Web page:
Weighted average rates on new fixed and variable rate term loans and fixed rate lines of credit increased in the third quarter, following significant decreases in the second quarter. The largest increases in interest rates were reported for fixed rate term loans and lines of credit, both of which increased by 260 basis points. Variable rate lines of credit remained stable. The increase in fixed rates for term loans and lines of credit primarily can be attributed to banks originating fewer PPP loans with the August 2020 close of the SBA program.
Chart 6: Interest Rates on Fixed Rate Term Loans and Lines of Credit Lower than Variable Rate Term Loans and Lines of Credit
Weighted average interest rates on variable and fixed rate new and outstanding small business C&I term loans and lines of credit ranged from 2.58 percent to 7.16 percent in the third quarter. The weighted average rates for fixed rate small business C&I term loans and lines of credit were lower than the corresponding rates for variable rate small business C&I term loans and lines of credit. Weighted average variable rates on outstanding term loans and lines of credit were the highest, at 4.21 and 7.16 percent, respectively, while weighted average rates on outstanding fixed rate term loans and lines of credit were the lowest at 2.58 and 3.81 percent, respectively._
Chart 7: Percent of Loans at Interest Rate Floor Increases
The percent of new small business C&I loans with interest rate floors decreased in the third quarter to 8.7 percent, while the percent of total small business C&I loan balances at interest rate floors increased to 18.9 percent. The increase in the percent of loan balances at interest rate floors is attributed primarily to the falling rate environment, with the 3-Month U.S. Treasury Rate inching lower to 0.11 percent.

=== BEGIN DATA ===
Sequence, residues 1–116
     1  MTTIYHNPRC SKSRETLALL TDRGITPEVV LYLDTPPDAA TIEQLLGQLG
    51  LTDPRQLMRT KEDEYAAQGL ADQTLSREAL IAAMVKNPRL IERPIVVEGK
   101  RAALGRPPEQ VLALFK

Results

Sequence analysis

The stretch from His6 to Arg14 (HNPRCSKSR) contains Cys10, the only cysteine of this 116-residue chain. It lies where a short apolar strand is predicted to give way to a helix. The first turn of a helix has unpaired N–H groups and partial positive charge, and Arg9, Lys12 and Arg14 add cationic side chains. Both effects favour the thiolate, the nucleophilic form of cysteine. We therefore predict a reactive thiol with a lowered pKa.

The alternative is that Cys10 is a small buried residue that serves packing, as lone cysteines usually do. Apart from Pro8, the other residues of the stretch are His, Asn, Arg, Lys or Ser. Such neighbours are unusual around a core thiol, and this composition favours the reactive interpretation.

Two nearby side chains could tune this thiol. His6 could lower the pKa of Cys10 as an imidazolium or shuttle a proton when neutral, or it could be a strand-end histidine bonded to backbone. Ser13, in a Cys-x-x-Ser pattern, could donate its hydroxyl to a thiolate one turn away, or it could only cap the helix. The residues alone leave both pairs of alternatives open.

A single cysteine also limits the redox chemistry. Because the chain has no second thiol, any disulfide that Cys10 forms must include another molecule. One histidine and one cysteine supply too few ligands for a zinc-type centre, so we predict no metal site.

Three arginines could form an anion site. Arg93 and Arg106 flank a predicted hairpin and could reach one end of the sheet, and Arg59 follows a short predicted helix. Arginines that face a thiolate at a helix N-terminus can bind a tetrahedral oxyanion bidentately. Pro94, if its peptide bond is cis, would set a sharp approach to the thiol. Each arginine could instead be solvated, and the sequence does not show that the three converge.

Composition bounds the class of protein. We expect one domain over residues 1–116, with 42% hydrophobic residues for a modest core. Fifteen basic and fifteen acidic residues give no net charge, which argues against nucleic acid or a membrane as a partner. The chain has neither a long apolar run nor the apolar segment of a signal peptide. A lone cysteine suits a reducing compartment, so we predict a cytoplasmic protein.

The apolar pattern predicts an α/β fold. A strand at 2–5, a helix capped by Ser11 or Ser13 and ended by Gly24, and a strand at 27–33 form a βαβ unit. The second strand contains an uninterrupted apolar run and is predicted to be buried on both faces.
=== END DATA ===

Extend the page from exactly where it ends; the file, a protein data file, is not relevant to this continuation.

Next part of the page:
Chart 8: Large Bank Respondents Drive Net Decline in Overall Credit Line Usage
The percentage of respondents indicating a change in credit line usage, whether an increase or decrease, declined from 58 percent in the second quarter to 44 percent in the third quarter. While responses were split nearly evenly between increases and decreases, on net, about 3 percent of respondents indicated a decrease in credit line usage, primarily driven by large banks. This is the first time since the start of the survey that an aggregate net decrease in credit line usage has been reported. Of banks reporting a change in credit line usage, 75 percent cited change in local or national economic conditions and 71 percent cited change in a borrower’s business revenue or other business specific conditions as very important reasons for a change.
Chart 9: Most Respondents Report Weaker Loan Demand
In the third quarter, 50 percent of banks reported a change in loan demand. On net, about 9 percent of large banks indicated weaker loan demand, compared with about 7 percent of small banks. In contrast, about 2 percent, on net of midsized banks reported stronger loan demand. On net, across all bank sizes, respondents reported a 14 percent decrease in loan demand, the weakest reported loan demand since the start of the survey.
Chart 10: Application Approval Rates Decrease for All Bank Sizes
Application approval rates for large banks reached their lowest levels since the start of the survey, decreasing from 75 percent in the second quarter to 38 percent in the third quarter. Application approval rates for small and midsized banks also decreased, from 88 and 95 percent in the second quarter of 2020 to 87 and 90 percent in the third quarter, respectively. The three most commonly cited reasons for denying a loan were borrower financials, collateral and credit history.